Thus, the new Law, having no impact on the current economic management practices, is not likely to start an investment boom after January 24th, 2014. A better effect could be achieved if a moratorium on adoption of legislation (including Presidential Decrees) worsening economic conditions for investors was introduced; and if legal restrictions on nationalization practices were adopted with clear exceptions and defined evaluation and redress mechanisms. As is, the new Investment Law brings nothing like that to the Belarus’ investment practices.
The rapid increase in wages has led to a decline in the ratio between labour productivity and real wages to one. Previously, the rule was that enterprises, in which the state owned more than 50% of shares in the founding capital, were not allowed increasing salaries if this ratio was equal to or less than one. The authorities are unlikely to be able to meet the wage growth requirement without long-term consequences for the economy. Hence, the government is likely to contain wage growth for the sake of economic growth.
According to Belstat, In January – August 2017, GDP growth was 1.6%. The economic revival has led to an increase in wages. In August, the average monthly wage was BYN 844.4 or USD 435, i.e. grew by 6.6% since early 2017, adjusted for inflation. This has reduced the ratio between labour productivity and real wages from 1.03 in January 2017 to 1 in the first seven months of 2017. This parameter should not be less than 1, otherwise, the economy starts accumulating imbalances.
The need for faster growth in labour productivity over wage growth was stated in Decree No 744 of July 31st, 2014. The decree enabled wages growth at state organizations and organizations with more than 50% of state-owned shares only if the ratio between growth in labour productivity and wages was higher than 1. Taking into account the state's share in the economy, this rule has had impact on most of the country's key enterprises. In 2013 -2014 wages grew rapidly, which resulted in devaluation in 2014-2015.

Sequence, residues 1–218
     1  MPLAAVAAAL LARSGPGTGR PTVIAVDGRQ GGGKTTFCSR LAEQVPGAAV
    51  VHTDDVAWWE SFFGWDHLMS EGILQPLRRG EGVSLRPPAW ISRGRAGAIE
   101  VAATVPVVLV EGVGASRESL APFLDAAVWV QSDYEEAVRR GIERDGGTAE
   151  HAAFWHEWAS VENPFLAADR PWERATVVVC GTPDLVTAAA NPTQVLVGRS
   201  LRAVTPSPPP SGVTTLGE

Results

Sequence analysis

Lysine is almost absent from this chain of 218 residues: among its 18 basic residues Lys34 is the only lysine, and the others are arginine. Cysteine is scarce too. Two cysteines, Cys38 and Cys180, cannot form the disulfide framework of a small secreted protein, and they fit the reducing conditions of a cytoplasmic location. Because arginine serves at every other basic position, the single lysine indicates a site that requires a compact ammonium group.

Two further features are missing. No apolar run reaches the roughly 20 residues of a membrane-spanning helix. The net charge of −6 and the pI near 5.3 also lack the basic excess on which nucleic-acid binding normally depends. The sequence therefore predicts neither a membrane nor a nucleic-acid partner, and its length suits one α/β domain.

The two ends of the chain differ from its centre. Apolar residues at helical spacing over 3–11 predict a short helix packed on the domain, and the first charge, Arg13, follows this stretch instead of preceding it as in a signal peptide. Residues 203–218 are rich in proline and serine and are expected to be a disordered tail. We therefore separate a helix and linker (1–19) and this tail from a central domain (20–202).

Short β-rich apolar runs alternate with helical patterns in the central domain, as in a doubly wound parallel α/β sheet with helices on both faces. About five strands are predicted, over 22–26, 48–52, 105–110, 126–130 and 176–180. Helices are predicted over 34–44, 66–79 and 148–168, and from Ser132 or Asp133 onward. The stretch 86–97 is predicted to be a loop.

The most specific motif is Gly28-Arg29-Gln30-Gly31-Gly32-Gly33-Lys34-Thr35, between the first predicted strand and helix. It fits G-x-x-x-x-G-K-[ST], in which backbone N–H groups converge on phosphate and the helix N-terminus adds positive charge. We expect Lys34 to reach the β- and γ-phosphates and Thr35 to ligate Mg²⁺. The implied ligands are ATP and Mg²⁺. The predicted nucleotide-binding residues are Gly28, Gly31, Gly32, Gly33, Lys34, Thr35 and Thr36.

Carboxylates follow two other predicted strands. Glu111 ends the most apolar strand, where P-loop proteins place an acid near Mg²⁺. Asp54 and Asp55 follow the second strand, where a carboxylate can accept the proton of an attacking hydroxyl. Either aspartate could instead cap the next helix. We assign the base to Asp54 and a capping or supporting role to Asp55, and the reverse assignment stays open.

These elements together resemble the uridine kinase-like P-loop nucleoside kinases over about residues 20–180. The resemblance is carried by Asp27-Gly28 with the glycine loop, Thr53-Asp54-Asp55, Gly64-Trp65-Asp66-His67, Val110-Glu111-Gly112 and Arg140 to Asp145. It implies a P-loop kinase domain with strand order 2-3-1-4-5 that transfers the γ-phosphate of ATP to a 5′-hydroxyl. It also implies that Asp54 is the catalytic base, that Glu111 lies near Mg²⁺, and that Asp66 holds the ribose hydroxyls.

Faster wage growth as compared with growth in labour productivity carries a number of risks. Enterprises increase cost of wages, which subsequently leads to a decrease in the competitiveness of products on the domestic and foreign markets. In construction, wholesale, retail trade, and some other industries the growth rate of prime cost in 2017 outpaces the dynamics of revenue growth. This is likely to lead to a decrease in profits and a decrease in investments for further development. Amid wage growth, the population is likely to increase import consumption and reduce currency sales, which would reduce the National Bank's ability to repay foreign and domestic liabilities.
The Belarusian government is facing a dilemma – either to comply with the president’s requirement of a BYN 1000 monthly wage, which could lead to new economic imbalances and could further affect the national currency value, or to suspend the wage growth in order to retain the achieved economic results. That said, the first option bears a greater number of negative consequences for the nomenclature.
Overall, the rapid growth in wages no longer corresponds the pace of economic development. The government is likely to retain the economic growth and retrain further growth in wages. Staff reshuffles are unlikely to follow the failure to meet the wage growth requirement.